i
} and *q*_{
j
} are the charges of residues *i* and *j* (+1 or -1 depending on residue type), *r*_{
ij
} is the distance between beads *i* and *j*, and *ε* is the dielectric constant of the protein interior (3.0)[57], with the sum running over all pairs of charged residues with a SASA (see below) of less than 0.25. This roughly approximates the strong screening of charged interactions due to the highly polarizable surrounding water, and the nearly negligible effects of the largely non-polarizable interior of the protein [58]. The whole term is then scaled by a weighting term *w*_{
ion
} when used in *V(s, c)* (eq. 1), so *C*_{
c
} has no effect on the parameterization, but is necessary computationally so as not to introduce errors due to lack of floating point precision.

*V*_{
solv
} is the potential due to solvation of the protein, approximated by a novel implicit solvent model based on solvent-accessible surface area (SASA):

{V}_{solv}=\sum _{i=1}^{N}{h}_{i}SASA\left(i\right)+{p}_{i}\left(1-SASA\left(i\right)\right)

(7)

*h*_{
i
} is the hydrophobicity-based interaction parameter of residue *i* (equivalent to *ε*_{
ii
} above) and *p*_{
i
} is the "polarity index", constructed as *p*_{
i
} = (*h*_{
max
}*-h*_{
min
} ) - *h*_{
i
} . *SASA(i)* is the fraction of solvent-accessible surface area of residue *i* calculated by the NeighborVector method of Durham [59] as adapted for the two-bead representation.

*V*_{
S-S
} represents the stability contribution due to formation of predicted disulfide bonds:

{V}_{s-s}=\sum _{i,j}f\left({r}_{i,j}\right)

(8)

where

f\left({r}_{i,j}\right)=\{\begin{array}{cc}\hfill -1,\hfill & \hfill {r}_{i,j}<{r}_{ss}\hfill \\ \hfill 0,\hfill & \hfill otherwise\hfill \end{array}

(9)

and *r*_{
ij
} is the distance between two cysteine Cβ beads and *r*_{
SS
} is the maximal Cβ-Cβ distance in a typical disulfide-bonded cysteine pair (4.5 Å[60]). The sum *ij* runs over all pairs of cysteine residues. This form of *V*_{
cys
} predicts disulfide bonds with a specificity of 0.98, sensitivity of 0.91 and Matthews Correlation Coefficient of 0.79 as measured on the structural data set used to construct SCWRL 3.0 [61].

Finally, *w*_{
x
} are weights for each individual term in eq. 1, determined in a procedure described below.

### Scoring protein-protein interactions with the physics-based model

When using protein-protein interaction as a measure of protein function, it becomes necessary to evaluate the strength of the interaction, a proxy for the free energy change of binding or the dissociation constant. The non-covalent terms from the folding scoring function were adapted to compose an interaction score *V(s*_{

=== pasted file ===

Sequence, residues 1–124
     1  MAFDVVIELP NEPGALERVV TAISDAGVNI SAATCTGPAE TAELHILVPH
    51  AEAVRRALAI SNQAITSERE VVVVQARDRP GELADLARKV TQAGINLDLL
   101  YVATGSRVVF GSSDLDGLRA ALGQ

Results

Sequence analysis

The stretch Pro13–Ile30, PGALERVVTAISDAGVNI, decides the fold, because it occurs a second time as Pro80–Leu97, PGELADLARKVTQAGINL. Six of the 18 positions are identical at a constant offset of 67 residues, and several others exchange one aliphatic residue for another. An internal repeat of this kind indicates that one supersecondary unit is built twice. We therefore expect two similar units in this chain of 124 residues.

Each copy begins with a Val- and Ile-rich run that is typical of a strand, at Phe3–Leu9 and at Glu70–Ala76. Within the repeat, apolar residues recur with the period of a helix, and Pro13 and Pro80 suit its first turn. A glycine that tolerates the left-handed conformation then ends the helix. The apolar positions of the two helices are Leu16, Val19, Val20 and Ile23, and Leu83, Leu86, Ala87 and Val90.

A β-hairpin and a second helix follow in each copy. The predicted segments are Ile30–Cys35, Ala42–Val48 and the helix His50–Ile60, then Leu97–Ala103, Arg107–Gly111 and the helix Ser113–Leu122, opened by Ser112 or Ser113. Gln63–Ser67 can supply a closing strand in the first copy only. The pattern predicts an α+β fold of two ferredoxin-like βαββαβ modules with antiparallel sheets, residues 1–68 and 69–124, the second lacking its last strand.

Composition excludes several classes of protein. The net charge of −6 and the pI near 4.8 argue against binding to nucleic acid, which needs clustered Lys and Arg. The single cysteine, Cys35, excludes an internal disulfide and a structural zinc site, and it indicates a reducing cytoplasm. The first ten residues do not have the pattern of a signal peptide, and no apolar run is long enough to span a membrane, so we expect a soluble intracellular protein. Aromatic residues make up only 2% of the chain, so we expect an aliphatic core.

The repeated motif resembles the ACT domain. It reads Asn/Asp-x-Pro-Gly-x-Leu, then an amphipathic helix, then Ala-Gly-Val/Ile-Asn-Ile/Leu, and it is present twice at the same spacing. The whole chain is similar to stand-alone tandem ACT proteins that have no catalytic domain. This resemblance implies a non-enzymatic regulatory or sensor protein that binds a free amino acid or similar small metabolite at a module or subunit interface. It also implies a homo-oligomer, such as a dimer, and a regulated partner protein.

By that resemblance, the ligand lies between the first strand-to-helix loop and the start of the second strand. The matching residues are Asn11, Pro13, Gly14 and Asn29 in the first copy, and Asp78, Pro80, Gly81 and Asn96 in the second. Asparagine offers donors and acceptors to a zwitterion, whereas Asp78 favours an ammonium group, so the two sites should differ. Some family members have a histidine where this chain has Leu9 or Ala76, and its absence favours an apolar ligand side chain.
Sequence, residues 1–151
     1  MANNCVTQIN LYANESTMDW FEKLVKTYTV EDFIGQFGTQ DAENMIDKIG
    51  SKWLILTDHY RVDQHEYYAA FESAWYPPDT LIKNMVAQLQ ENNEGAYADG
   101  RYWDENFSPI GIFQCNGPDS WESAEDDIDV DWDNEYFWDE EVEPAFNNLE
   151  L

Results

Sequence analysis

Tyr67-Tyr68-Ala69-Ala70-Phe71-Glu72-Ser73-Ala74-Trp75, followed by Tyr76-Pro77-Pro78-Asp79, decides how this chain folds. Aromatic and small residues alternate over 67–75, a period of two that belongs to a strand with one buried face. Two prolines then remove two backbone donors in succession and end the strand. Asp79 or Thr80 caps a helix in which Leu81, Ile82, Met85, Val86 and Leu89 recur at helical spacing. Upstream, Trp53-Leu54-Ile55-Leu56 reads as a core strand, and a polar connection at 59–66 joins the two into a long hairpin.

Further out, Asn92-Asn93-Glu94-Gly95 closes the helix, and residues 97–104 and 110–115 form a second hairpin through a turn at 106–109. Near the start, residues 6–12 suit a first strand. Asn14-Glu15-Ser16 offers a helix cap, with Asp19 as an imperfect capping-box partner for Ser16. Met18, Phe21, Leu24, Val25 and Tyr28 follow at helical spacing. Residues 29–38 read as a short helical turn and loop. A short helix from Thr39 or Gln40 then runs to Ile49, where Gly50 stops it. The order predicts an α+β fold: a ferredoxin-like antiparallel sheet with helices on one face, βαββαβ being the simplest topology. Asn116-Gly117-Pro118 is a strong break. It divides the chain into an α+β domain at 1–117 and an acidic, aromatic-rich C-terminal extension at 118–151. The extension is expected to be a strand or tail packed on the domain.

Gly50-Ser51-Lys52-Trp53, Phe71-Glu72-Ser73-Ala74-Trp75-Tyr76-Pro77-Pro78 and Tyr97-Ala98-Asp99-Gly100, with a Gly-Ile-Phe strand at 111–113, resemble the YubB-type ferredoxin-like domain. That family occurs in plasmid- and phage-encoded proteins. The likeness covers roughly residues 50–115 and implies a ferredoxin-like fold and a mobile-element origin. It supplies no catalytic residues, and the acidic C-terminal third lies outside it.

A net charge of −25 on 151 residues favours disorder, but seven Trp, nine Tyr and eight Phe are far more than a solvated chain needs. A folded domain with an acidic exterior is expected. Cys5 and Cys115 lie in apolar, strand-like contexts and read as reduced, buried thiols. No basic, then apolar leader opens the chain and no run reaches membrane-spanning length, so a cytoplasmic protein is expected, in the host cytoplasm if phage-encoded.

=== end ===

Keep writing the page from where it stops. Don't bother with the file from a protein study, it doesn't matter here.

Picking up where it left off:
1
}*, c*_{
1
}*, s*_{
2
}*, c*_{
2
}*)* between a sequence *s*_{
1
} in conformation *c*_{
1
} and a sequence *s*_{
2
} in conformation *c*_{
2
} :

V\left({s}_{1,}{c}_{1,}{s}_{2,}{c}_{2}\right)={w}_{L{J}^{\prime}}{V}_{LJ}^{\prime}+{w}_{ion},{V}_{ion}^{\prime}-{w}_{\Delta solv}{V}_{\Delta solv}

(10)

{V}_{LJ}^{\prime} and {V}_{ion}^{\prime} are the same as above but evaluated for inter- rather than intra-molecular bead pairs.

*V*_{
Δsolv
} is the change in solvation potential upon binding:

{V}_{\Delta solv}={V}_{solv}\left({s}_{1,}{c}_{1}\right)+{V}_{solv}\left({s}_{2,}{c}_{2}\right)-{V}_{solv}\left(complex\right)

(11)

where *complex* is the bound state. The weights *w*_{
x
} are determined as described below.

### Scoring protein folding and interactions with the knowledge-based model

The approach of Bastolla and co-workers [9] to was used to score folding under a knowledge-based model, and adapted to scoring protein-protein interactions. Briefly, a sequence *s* in conformation *c* has a folding score of

E\left(s,\phantom{\rule{2.77695pt}{0ex}}c\right)={\sum}_{i,j}{U}_{ab}\left(i,j\right)C\left(i,j\right)

(12)

where *U*_{
ab
} is a matrix describing the free energy gain when amino acids of type *a* and *b* are in contact, *C* is the contact map of *c* (1 when the Cβ beads of i and j are closer than 4.5 Å, 0 otherwise) and the sum runs over all residue pairs (*i, j*) that are separated by more than four residues in primary sequence.

To evaluate a protein-protein interaction, a protein complex score is calculated as

E\left({s}_{1},\phantom{\rule{2.77695pt}{0ex}}{c}_{1},\phantom{\rule{2.77695pt}{0ex}}{s}_{2},\phantom{\rule{2.77695pt}{0ex}}{c}_{2}\right)={\sum}_{i,j}{U}_{ab}\left(i,j\right)\phantom{\rule{0.3em}{0ex}}C\left(i,j\right)

(13)

where *C* is evaluated between *c*_{1} and *c*_{2} (inter-molecularly), and the sum runs over all residue pairs (*i*, *j*) such that *i* comes from *c*_{
1
} and *j* comes from *c*_{
2
} .

### Calculating folding and binding specificity

Folding and binding specificity were evaluated with several considerations. For example, with folding, a given sequence should have the specified backbone rather than an alternative as its most stable state and also present a gap between this state and unfolded or misfolded states. The size of this gap can be measured as a Z-score [62–64]:

{Z}_{fold}=\frac{\u27e8\mathit{G}\u27e9-{G}_{nat}}{\sigma \left(\mathit{G}\right)}

(14)

where *G*is the distribution of free energies (ΔG) in the alternative conformations, *G*_{
nat
} is the free energy of folding into the native conformation, and <*G*> and *σ(* *G* *)* describe the location and dispersal of that distribution. In other words, *Z*_{
fold